technology or theory of the universe. Or they can help establish long-term favors with other
factions, or to bolster their resources. The key difference of a Project versus a Favor is that
Projects are larger in scope, and more concrete. Project buckets can slowly build up over time
and do not, in theory CANNOT, be paid in full up front. This allows a space to drop off extra
Acclaim that can’t be used elsewhere without it poofing away in the next session.

An example of a Project would be new deployable body armor that can be used
stealthily. First the Players pitch an idea for a project they want to work on, and you agree on the
stats. In this case, I decided that the body armor will have the Hidden 1 Quality, cost 1
Opportunity, and would remain hidden until you used a minor action to deploy it. Balance it how
you will. From there, I start with a base of 4 Acclaim, and add 2 for each additional feature or trait
it has. In this case, it has the Hidden 1, and the minor action deploy. Two more traits, making a
total of 8.

From there, the Player can pull Acclaim into the project over the next few episodes as
needed. This represents them asking favors from junior staff, getting supplies, doing test runs in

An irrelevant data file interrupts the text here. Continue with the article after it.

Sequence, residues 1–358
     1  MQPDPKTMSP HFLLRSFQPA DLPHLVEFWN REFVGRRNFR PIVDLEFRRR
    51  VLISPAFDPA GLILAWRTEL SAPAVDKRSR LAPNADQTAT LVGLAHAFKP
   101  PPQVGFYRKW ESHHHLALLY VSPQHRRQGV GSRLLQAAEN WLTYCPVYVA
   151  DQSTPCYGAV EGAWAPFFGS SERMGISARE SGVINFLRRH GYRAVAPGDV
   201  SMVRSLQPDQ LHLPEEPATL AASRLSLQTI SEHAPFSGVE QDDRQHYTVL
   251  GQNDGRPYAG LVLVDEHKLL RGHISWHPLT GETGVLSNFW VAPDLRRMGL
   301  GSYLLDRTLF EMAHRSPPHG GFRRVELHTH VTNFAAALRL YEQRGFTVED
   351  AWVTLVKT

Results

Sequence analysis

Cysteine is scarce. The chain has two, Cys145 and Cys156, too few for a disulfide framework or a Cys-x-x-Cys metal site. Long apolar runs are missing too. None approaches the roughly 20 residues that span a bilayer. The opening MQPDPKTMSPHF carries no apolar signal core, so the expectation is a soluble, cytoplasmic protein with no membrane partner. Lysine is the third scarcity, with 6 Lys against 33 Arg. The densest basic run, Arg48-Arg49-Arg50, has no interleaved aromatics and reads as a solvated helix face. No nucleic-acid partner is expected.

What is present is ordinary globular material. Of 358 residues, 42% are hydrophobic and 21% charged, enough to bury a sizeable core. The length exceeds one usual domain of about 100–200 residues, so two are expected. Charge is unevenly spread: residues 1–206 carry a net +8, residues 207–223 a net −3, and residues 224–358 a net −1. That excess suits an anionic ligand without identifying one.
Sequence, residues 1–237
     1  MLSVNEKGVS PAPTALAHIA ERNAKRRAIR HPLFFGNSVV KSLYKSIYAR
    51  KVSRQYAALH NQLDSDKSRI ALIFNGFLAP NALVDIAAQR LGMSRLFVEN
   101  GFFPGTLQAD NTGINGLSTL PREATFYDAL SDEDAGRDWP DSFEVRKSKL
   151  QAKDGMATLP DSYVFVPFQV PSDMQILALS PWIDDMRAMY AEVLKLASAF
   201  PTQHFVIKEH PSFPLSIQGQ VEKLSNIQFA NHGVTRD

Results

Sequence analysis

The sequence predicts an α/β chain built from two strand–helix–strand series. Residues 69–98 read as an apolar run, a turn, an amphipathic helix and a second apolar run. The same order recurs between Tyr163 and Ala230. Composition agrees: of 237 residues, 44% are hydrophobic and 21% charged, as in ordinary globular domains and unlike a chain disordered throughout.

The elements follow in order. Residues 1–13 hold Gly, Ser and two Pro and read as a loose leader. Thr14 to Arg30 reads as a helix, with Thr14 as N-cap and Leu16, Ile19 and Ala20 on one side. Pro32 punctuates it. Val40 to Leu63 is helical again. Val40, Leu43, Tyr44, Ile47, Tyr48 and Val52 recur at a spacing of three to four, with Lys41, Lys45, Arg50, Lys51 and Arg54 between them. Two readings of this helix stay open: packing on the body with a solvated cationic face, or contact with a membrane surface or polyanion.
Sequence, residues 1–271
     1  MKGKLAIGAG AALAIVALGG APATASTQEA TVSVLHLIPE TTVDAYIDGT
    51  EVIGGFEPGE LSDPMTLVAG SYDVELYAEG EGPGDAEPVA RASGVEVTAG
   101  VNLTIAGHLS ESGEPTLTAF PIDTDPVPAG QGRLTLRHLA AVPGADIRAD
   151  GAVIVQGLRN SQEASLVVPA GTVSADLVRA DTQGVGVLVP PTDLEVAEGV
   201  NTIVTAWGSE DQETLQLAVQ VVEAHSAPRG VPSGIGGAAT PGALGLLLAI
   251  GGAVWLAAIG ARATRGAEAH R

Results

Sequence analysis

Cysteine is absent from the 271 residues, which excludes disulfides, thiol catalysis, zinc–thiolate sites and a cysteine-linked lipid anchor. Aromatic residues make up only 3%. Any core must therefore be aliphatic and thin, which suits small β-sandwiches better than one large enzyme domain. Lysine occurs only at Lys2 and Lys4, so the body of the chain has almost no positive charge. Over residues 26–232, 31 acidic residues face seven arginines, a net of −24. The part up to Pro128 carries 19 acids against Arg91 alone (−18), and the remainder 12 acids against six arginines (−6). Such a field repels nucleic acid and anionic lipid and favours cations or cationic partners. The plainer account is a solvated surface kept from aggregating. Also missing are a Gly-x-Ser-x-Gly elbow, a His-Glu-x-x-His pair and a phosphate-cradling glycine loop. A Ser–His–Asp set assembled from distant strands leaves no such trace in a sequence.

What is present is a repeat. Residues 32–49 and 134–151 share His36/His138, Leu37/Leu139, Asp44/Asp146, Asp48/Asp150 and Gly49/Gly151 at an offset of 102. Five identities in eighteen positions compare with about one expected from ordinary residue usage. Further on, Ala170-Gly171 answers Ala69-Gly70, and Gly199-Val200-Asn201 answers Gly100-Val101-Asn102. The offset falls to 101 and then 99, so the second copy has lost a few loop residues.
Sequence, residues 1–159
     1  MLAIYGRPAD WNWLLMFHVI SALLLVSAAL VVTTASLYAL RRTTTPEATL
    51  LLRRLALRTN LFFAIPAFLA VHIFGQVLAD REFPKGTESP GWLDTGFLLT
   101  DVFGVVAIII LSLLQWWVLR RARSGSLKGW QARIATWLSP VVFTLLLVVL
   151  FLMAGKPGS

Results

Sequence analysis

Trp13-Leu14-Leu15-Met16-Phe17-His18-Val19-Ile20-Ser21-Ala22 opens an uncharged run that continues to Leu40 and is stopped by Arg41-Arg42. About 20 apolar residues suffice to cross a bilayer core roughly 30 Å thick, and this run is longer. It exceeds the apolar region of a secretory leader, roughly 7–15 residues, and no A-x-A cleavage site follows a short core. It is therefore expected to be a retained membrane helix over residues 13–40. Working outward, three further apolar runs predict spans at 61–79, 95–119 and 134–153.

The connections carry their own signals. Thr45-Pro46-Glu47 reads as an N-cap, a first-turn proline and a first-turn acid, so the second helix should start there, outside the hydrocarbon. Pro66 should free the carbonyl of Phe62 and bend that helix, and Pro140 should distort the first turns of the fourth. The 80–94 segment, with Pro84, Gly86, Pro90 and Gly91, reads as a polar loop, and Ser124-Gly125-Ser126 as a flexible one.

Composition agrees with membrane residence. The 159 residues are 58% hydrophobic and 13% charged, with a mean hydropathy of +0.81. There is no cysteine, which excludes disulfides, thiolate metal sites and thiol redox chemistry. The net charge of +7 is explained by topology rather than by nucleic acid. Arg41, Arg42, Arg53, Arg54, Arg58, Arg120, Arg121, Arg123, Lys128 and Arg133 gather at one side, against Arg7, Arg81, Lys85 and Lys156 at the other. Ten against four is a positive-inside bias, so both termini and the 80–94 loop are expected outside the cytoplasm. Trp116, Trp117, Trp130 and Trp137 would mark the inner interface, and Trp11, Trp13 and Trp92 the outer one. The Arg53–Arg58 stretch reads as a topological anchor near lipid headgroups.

labs, fabrication, and the whole process. They can put in as much Acclaim per episode as they want, or even abandon Projects. Once the Project is complete, they now have access to a new
piece of gear.

Scientific Projects

Another example of a Project is a long term scientific study. These are usually not part of
the mission, but a curiosity that your Players have. For example, our ship came across a
Subspace Kraken during a tour, but they were a bit too busy with the main storyline to stop and
do a survey. In this case, the Project is representing the Player putting together a thesis in order
to pitch to the Admiralty that this scientific curiosity warrants more study, and pulling favors for
that. These Projects are usually base 6, plus or minus 1 depending on how complex and
outlandish the idea is. Again, they can drip-feed this project for however long they need to. Or it
might be abandoned.

After the Science Project is finished, I usually work in a side-quest episode to follow up
on this theory, representing the Admiralty going “OK, you can go study the whales for a bit.”This
allows me, as the GM, time to work that mission into the story and build Player investment in that Project. This makes the mission MORE exciting, as you have time to build an entire adventure around studying something that was a spur-of-the-moment threat from an earlier adventure.

Faction Projects

A third Project is Faction Development. Like the Science Project, this represents the PC
putting together a proposal to the higher-ups to allow something to happen. In this case, it is